Summer Series Ep. 3 | My Fears for CCS

For eight years I had been a member of the European Parliament’s environment committee, working on climate legislation amongst other things, before I took notice of CCS. 

A talk with John Ashton, one of the founders of E3G and at the time the climate advisor to the British foreign secretary, convinced me that the world was going to need this technology and needed it urgently.

That conversation took place 16 years ago, in 2007, and it led to me becoming the Parliament’s rapporteur on the CO2 Storage Directive and the go-to MEP for CCS-related matters for many years thereafter. It’s the reason why I am now Director of the advocacy body CCS Europe; I have unfinished business.

My conviction remains the same. I can hope that breakthrough chemistry and technologies emerge that will enable emissions-free production processes to be quickly developed at globally competitive costs, but the reality is that for a good while at least CCS offers the best way forward for hard-to-abate industrial sectors.

And then there is the need to reduce the concentration of CO2 already in the atmosphere, for which CCS is also essential.

CCS deployment is proving to be a painfully slow process, and Sod’s Law suggests that even with the new impetus that exists it will not develop as smoothly as we would wish. 

The opponents of CCS will seize on perceived failings to amplify their arguments. It would be wise to anticipate problems ahead while recognising and addressing our own weaknesses.

I fear that early projects will incur major cost overruns and late completions, that CO2 capture rates will not meet the claims made by developers, and that operating costs will exceed predictions. It’s common enough for large-scale projects not to fulfil their potential on day one.

I fear that operators of storage sites will impose requirements that unnecessarily force up costs on emitters, and I fear that CO2 leakage will occur somewhere – not posing a threat to human health or the environment but sufficient to create a media scare story that will adversely impact public opinion. 

I fear that life cycle analyses that take full account of energy requirements and leakage will suggest that the transport of CO2 over long distances achieves overall emissions reductions that are hardly worth the costs involved. In seeking to avoid debate over suitable locations for CO2 storage we are likely to be making use of the technology more costly and less effective than might be.

I fear that fossil fuel companies will foul the ground by implying, or continuing to imply, that the potential of CCS provides an alternative to fundamentally change our use of energy.

I fear that too many ‘environmentalists’ will ignore the advice of the IPCC, promote the idea that renewable energy offers a magic solution to every problem, and criticise policymakers who recognise the need for CCS deployment and promote strategies to secure it.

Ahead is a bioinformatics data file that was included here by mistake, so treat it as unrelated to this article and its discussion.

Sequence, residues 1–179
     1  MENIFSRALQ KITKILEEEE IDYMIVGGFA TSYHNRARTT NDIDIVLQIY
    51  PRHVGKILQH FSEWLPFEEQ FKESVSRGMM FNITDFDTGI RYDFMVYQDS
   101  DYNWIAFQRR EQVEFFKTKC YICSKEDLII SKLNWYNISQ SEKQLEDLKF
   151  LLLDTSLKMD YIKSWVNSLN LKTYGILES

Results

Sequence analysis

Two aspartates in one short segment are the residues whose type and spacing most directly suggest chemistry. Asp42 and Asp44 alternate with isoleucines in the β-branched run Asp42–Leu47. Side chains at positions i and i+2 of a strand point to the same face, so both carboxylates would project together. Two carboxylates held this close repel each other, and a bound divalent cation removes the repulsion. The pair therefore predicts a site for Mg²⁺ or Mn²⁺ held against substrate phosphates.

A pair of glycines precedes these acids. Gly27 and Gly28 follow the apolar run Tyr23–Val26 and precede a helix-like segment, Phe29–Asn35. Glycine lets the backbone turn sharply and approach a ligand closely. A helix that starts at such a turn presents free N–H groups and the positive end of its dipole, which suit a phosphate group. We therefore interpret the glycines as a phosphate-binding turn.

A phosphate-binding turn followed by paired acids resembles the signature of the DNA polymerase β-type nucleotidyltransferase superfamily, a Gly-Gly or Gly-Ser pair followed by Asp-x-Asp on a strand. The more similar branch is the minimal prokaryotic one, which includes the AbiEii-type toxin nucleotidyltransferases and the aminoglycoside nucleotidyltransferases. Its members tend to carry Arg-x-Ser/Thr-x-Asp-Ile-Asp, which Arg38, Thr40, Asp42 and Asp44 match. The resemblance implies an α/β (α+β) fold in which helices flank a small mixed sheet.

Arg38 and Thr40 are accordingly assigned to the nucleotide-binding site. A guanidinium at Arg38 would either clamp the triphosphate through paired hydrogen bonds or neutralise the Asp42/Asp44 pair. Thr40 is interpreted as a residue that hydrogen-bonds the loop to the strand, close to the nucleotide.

I fear that the industries that will need CCS to reduce emissions will not do enough, soon enough, to make their voices heard, despite the costs they know they will incur as ETS prices rise and free allowances come to an end. 

I fear that even those industries that stand to benefit commercially from supplying equipment for CCS projects will not invest sufficiently in persuading policymakers of the need for action (Are they just waiting for China to take another slice of their business?).

And, above all, I fear delay. 

Only one Final Investment Decision for a full chain CCS project has been taken within the European Union since I became involved some 17 years ago. Denmark’s Kalundborg project, confirmed at the end of May, intends to capture and store some 400,000 tonnes of CO2 annually.

By 2050 we need to be storing 1,000 times that amount annually. Taking into account construction times, we need a FID on a CCS project on the scale of Kalundborg to be taken within the EU every 12 days for the next 25 years.

None of my fears need to be realised. Any technical weaknesses can be overcome as all concerned learn by doing. Compared to the building of energy production facilities across the world in recent years the scale of CCS construction required is nothing special. 

As for winning the support of policymakers for the strategies and financial mechanisms needed to promote CCS deployment? Well, that’s up to us. 

The message is very straightforward. Without CCS there will be no bet-zero; we need to invest in CCS to combat climate change. 

We just need to become more effective in communicating it.